With Duke set to take on Virginia Tech in the championship game of the ACC tournament Saturday night, the Blue Zone has three keys to a Blue Devil victory:
Virginia Tech trounced North Carolina 72-59 in the semifinals Friday, and one of the key reasons for that was its lethality from distance. The Hokies shot 9-of-20 from three, ultimately amassing 27 points from 3-pointers to North Carolina’s nine. However, this doesn’t tell the whole story. The Tar Heels themselves got plenty of triple opportunities as well, but shot a measly 3-of-26 from beyond the arc.
Now, Duke can be a very good shooting team, sporting the fourth-highest 3-point percentage in the conference, but it has been relatively streaky lately. Against Miami in the semifinals, freshman forward AJ Griffin, who is shooting 48.8% from three on the season, led the way with his 4-of-6 mark, but the rest of the Blue Devils combined for just one made triple. In the quarterfinals, though, Griffin was 0-for-1, and sophomore guard Jeremy Roach stepped up late, making 5-of-10 from three.
Any of the Blue Devils can get hot, but instead of banking on that, they should lean into their ability to defend the perimeter against a sharpshooting Virginia Tech team. Duke holds its opponents to the lowest 3-point percentage in the conference, and it can use its physically imposing guards to get in the Hokies’ way and contest shots. If it can do that, a Blue Devil getting hot becomes a bonus, not a necessity to win the game.
While the Hokies effectively dominated their semifinal matchup from start to finish, one area they could neither control nor gain leverage in was scoring in the paint. North Carolina scored 61% of its points against Virginia Tech in the paint compared to the Hokies’ 39% and finished with eight more paint points despite losing by 13. The Tar Heels were overall not gelling offensively, so if Duke can be just a bit more on its game than they were, it could get myriad opportunities inside.
Furthermore, the Blue Devils were at their best against Miami when they prioritized driving to the basket over looking for the perfect shot. Seven of Paolo Banchero’s eight makes were dunks or layups, and Trevor Keels and Wendell Moore Jr.’s most clutch plays were drives in traffic. The Blue Devils have not only the size, but the skill to bully their way inside, and that style of play also has the added benefit of drawing fouls, which can give them a significant advantage like it did against Miami, when they scored 17 free-throw points to the Hurricanes’ six.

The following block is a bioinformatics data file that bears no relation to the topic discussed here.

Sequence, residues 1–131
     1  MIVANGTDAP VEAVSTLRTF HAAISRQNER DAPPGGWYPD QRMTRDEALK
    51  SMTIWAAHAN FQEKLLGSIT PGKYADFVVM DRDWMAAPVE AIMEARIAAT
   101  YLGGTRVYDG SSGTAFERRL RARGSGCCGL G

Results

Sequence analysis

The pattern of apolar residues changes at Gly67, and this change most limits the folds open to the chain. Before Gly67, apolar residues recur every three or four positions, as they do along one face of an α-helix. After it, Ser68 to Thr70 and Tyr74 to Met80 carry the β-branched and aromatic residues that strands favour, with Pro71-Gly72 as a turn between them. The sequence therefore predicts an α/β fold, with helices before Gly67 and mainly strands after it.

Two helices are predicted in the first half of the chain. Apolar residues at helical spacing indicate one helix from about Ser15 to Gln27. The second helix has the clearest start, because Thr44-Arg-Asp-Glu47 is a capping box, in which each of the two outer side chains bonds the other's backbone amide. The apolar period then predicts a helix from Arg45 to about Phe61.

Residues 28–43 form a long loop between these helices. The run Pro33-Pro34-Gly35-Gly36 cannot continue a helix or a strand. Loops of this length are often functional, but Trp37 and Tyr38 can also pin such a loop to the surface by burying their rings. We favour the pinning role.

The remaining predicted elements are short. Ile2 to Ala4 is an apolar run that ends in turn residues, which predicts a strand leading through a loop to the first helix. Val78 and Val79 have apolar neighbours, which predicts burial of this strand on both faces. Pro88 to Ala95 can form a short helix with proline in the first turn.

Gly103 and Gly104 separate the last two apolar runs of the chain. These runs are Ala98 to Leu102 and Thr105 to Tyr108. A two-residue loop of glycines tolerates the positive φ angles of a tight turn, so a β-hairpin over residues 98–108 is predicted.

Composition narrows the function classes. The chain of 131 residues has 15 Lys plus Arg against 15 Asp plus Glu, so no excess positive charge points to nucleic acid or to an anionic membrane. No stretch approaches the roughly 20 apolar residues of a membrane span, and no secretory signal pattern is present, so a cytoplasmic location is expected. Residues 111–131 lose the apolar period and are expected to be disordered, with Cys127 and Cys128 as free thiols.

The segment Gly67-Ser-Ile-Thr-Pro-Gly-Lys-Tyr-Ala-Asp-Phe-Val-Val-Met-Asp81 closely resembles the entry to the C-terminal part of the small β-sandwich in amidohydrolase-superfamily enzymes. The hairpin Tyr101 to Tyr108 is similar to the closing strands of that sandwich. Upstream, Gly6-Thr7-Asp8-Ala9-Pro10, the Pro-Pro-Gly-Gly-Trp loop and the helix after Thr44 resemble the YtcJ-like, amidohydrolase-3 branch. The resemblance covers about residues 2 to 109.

Duke pretty much has an eight-man rotation with six starting-caliber players. Lately, Roach has been the one coming off the bench of those six, but that hasn’t hindered him at all from making a consistent impact, such as when he scored 19 points Thursday against Syracuse. While a bench-scoring boost is wonderful, arguably the more consequential factor is the defensive boost.
Roach is a worker on defense, and his ability to take the floor and turn the pressure up has made it difficult for opponents to catch a break. Aside from Roach, graduate big Theo John is reliable subbing in for sophomore center Mark Williams, and he gives the Blue Devils a unique defensive option given how mobile he is for his size. Even senior forward Joey Baker, who sees the least minutes of the three, can slot in and be an effective cog in the Duke defense machine. When these players are at their best, they limit the opponent's ability to go on runs while Duke rests its headliners like Banchero and Moore.
Virginia Tech’s Darius Maddox exploded for 20 points against North Carolina, contributing to his team’s 30 total bench points and becoming the Hokies’ X-factor that game. However, if Duke can maximize its depth defensively, it can minimize the risk of falling victim to the Hokies’ own depth while also making it significantly harder for starters like All-ACC forward Keve Aluma to exploit any pressure letup.
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Sasha Richie is a Trinity junior and a sports managing editor of The Chronicle's 118th volume.